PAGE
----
Love & Mercy review: A warm, creative biopic of Brian Wilson
Cast in front of the camera8
Creativity behind it8
Ivan | On 15, Apr 2021
Director: Bill Pohlad
Cast: John Cusack, Paul Giamatti, Paul Dano, Elizabeth Banks
What do dogs, a theremin and cellos all have in common? The answer is Brian Wilson, the remarkable music pioneer at the heart of The Beach Boys. From getting musicians to play in different keys to each other to embracing ambient studio chatter and including wrong notes, he was an unusual, eccentric and formidable talent – and it’s only fitting that film portraying his life should take a similarly creative and open approach.
Screenwriter Oren Moverman structures the biopic around two key passages in Wilson’s life: him as a 1963-era pop music powerhouse and, later, as a middle-aged 1980s recluse under heavy medication. Paul Dano and John Cusack step into Brian’s shoes for the respective chapters, and part of the film’s magic stems from the way both men manage to tap into the same man but draw out entirely different sides of him.
Dano has an ego and drive that’s all-consuming, and as convincing as the way he holds him arms when he walks. Learning to play the piano, he ricochets around the recording studio like a whirlwind of inspiration, with the soundtrack seamlessly moving from his own musical performances to recordings of the original songs. Watching him in full flow is a delight, even as he increasingly begins to struggle with the voices inside his head. Staying at home rather than tour with the band, it’s the start of a journey that will both propel him to new heights and start to isolate him off from the rest of the world.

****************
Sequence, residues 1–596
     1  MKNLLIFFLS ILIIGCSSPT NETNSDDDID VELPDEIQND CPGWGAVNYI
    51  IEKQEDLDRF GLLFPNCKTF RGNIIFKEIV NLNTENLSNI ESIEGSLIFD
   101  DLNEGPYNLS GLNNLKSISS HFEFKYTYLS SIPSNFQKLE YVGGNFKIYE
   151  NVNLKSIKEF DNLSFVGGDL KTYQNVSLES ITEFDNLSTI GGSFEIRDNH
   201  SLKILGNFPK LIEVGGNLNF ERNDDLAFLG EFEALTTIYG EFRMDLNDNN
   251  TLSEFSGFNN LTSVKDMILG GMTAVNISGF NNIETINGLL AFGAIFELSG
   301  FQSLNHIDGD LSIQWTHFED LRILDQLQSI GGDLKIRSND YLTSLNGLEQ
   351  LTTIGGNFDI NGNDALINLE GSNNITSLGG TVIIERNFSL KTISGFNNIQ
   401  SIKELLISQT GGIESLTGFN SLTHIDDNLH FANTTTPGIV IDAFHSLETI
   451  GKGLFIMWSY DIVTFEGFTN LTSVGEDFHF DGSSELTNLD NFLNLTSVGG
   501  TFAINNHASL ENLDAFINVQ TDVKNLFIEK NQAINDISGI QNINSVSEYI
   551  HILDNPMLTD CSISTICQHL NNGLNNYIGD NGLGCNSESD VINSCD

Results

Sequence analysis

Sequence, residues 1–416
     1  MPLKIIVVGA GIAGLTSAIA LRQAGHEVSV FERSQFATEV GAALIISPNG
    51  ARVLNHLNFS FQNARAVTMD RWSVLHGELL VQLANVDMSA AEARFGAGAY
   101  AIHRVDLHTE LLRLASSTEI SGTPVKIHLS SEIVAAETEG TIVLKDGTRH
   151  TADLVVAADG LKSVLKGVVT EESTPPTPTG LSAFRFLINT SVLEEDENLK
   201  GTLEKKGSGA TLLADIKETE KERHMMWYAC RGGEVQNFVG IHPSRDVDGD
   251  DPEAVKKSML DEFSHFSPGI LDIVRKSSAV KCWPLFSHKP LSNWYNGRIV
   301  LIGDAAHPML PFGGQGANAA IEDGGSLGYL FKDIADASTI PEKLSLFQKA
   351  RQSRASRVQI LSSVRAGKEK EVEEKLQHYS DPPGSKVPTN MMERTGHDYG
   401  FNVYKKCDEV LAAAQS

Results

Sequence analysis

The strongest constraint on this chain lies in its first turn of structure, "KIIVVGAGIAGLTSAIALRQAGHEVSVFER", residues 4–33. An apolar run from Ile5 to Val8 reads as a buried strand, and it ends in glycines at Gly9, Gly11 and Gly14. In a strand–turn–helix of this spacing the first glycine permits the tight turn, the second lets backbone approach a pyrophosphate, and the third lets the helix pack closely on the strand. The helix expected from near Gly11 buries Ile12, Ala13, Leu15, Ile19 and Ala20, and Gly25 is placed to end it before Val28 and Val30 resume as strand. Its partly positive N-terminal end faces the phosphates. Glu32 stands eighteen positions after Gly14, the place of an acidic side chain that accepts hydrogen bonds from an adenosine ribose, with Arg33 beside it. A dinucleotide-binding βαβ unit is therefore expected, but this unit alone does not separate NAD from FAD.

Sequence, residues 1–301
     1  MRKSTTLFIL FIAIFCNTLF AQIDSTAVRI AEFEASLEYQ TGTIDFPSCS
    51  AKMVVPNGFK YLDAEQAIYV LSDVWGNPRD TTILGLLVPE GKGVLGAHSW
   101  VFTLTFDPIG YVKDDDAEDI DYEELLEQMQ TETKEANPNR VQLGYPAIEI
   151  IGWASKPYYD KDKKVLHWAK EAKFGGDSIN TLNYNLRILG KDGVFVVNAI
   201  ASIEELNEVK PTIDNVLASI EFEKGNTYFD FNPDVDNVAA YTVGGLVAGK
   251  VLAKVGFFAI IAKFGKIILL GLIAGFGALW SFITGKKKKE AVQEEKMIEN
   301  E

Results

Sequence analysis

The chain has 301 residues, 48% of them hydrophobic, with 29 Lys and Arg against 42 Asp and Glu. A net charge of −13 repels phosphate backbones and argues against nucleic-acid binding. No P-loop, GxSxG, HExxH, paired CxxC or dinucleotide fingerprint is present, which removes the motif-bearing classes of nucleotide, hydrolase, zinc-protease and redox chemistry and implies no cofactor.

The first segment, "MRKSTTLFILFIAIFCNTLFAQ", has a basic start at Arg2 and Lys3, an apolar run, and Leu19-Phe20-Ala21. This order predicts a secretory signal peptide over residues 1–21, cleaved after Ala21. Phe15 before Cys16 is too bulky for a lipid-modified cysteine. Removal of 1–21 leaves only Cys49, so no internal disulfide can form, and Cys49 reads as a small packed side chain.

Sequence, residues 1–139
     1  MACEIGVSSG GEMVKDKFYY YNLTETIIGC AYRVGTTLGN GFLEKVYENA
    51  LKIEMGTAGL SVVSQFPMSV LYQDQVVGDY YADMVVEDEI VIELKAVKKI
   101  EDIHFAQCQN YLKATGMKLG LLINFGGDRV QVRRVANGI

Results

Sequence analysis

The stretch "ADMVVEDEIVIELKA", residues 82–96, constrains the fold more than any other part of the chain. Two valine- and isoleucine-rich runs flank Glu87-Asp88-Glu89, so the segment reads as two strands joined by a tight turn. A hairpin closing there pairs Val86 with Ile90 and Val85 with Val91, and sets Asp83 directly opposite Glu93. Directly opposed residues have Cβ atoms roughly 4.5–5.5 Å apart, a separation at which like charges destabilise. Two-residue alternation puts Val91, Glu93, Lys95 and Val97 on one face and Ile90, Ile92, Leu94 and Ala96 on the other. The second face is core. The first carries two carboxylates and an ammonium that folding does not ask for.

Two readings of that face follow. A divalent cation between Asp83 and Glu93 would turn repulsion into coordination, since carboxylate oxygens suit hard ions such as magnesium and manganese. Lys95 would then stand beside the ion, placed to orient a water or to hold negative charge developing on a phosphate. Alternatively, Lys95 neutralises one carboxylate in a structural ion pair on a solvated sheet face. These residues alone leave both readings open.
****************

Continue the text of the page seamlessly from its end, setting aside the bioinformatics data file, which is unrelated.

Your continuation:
Fast forward 20 years and Cusack brings a dry wit to a more vulnerable Wilson. He reaches out to car salesperson Melinda Ledbetter (Elizabeth Banks) with a gentle charm, but he also shrinks under the influence of his therapist, Eugene (Paul Giamatti), who bullies him and controls his affairs with a legal guardianship that particularly resonates today. Both actors deserve awards recognition for their chameleonic screen turns.
The result is, in many ways, a conventional affair, jumping between past and present and choosing to focus as much on Wilson’s redemption and rescue at the hands of Melinda (an unrecognisale Banks) as his professional prowess. But director Bill Pohlad crafts something beautifully warm through these mosaic pieces, delving into mental illness and political tensions within the Beach Boys with a deceptively light touch.
He draws nuanced turns from all his cast members, and, throughout, maintains a feeling wonder and excitement that drives every aspect of Wilson’s life, and is at the core of the most incandescent and timeless Beach Boys classics. From Giamatti’s intense, intimidating supporting role to the vibrant period details, the whole thing rings with a heartfelt, free-wheeling authenticity – a note that strikes particularly true during those studio sessions, which Pohlad films on handheld Super 16. As the dogs bark, the musicians play in different keys and Wilson obsessively records percussive cellos over and over, you could swear we’re watching a documentary of the real thing – you’ll be feeling those Good Vibrations for hours after watching.